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Pharmaceutics 2011, 3(3), 636-664; doi:10.3390/pharmaceutics3030636
Review

Structural Versatility of Bicellar Systems and Their Possibilities as Colloidal Carriers

1, 2, 2, 2, 3, 2 and 2,*
Received: 3 June 2011; in revised form: 21 July 2011 / Accepted: 5 September 2011 / Published: 14 September 2011
(This article belongs to the Special Issue Colloidal Drug Carrier Systems)
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Abstract: Bicellar systems are lipid nanostructures formed by long- and short-chained phospholipids dispersed in aqueous solution. The morphological transitions of bicellar aggregates due to temperature, composition and time variations have been revised in this work. To this end, two bicellar systems have been considered; one formed by dimyristoyl-phosphatidylcholine (DMPC) and dihexanoyl- phosphatidylcholine (DHPC) and another formed by dipalmitoyl-phosphatidylcholine (DPPC) and DHPC. The relationship between the magnetic alignment, the morphology of the aggregates and the phase transition temperature (Tm) of lipids is discussed. In general terms, the non-alignable samples present rounded objects at temperature below the Tm. Above this temperature, an increase of viscosity is followed by the formation of large elongated aggregates. Alignable samples presented discoidal objects below the Tm. The best alignment was achieved above this temperature with large areas of lamellar stacked bilayers and some multilamellar vesicles. The effect of the inclusion of ceramides with different chain lengths in the structure of bicelles is also revised in the present article. A number of physical techniques show that the bicellar structures are affected by both the concentration and the type of ceramide. Systems are able to incorporate 10% mol of ceramides that probably are organized forming domains. The addition of 20% mol of ceramides promotes destabilization of bicelles, promoting the formation of mixed systems that include large structures. Bicellar systems have demonstrated to be morphologically stable with time, able to encapsulate different actives and to induce specific effects on the skin. These facts make bicellar systems good candidates as colloidal carriers for dermal delivery. However, water dilution induces structural changes and formation of vesicular structures in the systems; stabilization strategies have been been explored in recent works and are also updated here.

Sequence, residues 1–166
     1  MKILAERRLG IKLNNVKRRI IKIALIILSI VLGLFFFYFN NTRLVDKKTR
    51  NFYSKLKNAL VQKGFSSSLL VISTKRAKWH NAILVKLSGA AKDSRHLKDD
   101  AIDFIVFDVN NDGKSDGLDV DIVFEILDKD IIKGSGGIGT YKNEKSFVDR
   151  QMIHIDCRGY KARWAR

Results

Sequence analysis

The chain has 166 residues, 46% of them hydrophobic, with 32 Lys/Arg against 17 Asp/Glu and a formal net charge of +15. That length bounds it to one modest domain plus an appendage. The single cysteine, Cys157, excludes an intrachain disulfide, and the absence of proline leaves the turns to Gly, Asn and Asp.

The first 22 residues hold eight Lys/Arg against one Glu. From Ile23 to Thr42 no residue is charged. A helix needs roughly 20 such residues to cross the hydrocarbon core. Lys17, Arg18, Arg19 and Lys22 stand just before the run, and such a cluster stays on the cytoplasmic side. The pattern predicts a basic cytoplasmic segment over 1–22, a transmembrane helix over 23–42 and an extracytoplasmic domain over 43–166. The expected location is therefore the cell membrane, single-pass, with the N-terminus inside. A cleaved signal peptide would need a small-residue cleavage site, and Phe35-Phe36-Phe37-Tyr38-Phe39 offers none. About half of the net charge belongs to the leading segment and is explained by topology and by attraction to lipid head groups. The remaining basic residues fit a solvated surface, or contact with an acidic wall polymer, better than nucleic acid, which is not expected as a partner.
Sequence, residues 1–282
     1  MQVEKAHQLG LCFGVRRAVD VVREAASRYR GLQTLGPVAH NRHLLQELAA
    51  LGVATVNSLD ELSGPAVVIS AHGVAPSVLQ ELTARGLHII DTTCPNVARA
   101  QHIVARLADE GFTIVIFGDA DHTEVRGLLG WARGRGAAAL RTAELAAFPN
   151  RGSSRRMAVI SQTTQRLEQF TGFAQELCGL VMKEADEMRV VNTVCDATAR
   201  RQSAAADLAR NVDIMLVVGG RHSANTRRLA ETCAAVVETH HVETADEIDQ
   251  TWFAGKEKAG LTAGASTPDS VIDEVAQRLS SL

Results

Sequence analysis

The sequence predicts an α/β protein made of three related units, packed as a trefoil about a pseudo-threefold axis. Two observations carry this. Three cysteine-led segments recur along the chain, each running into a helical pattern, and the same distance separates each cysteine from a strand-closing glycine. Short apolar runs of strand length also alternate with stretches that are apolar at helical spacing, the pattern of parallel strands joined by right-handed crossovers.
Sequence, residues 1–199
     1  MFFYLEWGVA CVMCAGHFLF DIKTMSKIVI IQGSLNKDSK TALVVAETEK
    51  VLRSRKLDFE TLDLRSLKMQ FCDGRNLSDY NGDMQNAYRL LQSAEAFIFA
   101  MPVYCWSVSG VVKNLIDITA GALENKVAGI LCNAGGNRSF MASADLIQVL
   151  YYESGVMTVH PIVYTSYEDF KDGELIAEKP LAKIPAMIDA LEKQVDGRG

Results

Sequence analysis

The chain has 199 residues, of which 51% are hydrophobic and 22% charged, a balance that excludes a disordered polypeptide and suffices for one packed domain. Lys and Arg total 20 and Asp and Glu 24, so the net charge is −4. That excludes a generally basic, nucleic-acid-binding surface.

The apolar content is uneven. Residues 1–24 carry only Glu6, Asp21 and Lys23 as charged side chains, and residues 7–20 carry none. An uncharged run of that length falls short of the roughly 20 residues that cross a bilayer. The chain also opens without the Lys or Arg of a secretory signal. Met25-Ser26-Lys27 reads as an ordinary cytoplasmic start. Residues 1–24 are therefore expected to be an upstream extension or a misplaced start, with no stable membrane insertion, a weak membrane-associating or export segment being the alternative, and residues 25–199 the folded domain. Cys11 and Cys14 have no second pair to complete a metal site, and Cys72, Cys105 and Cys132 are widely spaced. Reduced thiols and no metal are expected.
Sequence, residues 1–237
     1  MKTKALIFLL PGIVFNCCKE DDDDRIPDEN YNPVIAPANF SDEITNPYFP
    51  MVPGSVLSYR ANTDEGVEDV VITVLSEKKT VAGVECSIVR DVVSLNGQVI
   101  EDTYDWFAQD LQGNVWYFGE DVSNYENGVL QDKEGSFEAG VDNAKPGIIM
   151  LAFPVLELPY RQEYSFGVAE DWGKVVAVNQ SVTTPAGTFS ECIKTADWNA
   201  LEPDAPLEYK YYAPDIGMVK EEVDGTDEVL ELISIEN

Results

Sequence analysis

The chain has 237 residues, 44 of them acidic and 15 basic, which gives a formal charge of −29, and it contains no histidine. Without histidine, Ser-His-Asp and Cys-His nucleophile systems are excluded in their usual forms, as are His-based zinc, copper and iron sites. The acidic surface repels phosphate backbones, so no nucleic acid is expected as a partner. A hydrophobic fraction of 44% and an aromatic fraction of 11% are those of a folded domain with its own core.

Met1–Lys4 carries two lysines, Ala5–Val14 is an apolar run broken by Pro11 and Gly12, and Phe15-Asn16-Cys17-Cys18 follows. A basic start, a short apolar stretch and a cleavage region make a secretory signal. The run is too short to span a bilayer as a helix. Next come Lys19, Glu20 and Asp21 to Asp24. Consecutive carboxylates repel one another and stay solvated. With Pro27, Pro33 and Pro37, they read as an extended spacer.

Keywords: bicellar systems; bicelles; ceramides; nanostructures; colloids; freeze fracture electron microscopy; phospholipids; skin; stratum corneum; transition temperature bicellar systems; bicelles; ceramides; nanostructures; colloids; freeze fracture electron microscopy; phospholipids; skin; stratum corneum; transition temperature
This is an open access article distributed under the Creative Commons Attribution License which permits unrestricted use, distribution, and reproduction in any medium, provided the original work is properly cited.

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MDPI and ACS Style

Lucyanna, B.-B.; Gelen, R.; Merce, C.; Laia, R.; Carmen, L.-I.; Alfons, D.M.; Olga, L. Structural Versatility of Bicellar Systems and Their Possibilities as Colloidal Carriers. Pharmaceutics 2011, 3, 636-664.

AMA Style

Lucyanna B-B, Gelen R, Merce C, Laia R, Carmen L-I, Alfons DM, Olga L. Structural Versatility of Bicellar Systems and Their Possibilities as Colloidal Carriers. Pharmaceutics. 2011; 3(3):636-664.

Chicago/Turabian Style

Lucyanna, Barbosa-Barros; Gelen, Rodríguez; Merce, Cócera; Laia, Rubio; Carmen, López-Iglesias; Alfons, De la Maza; Olga, López. 2011. "Structural Versatility of Bicellar Systems and Their Possibilities as Colloidal Carriers." Pharmaceutics 3, no. 3: 636-664.


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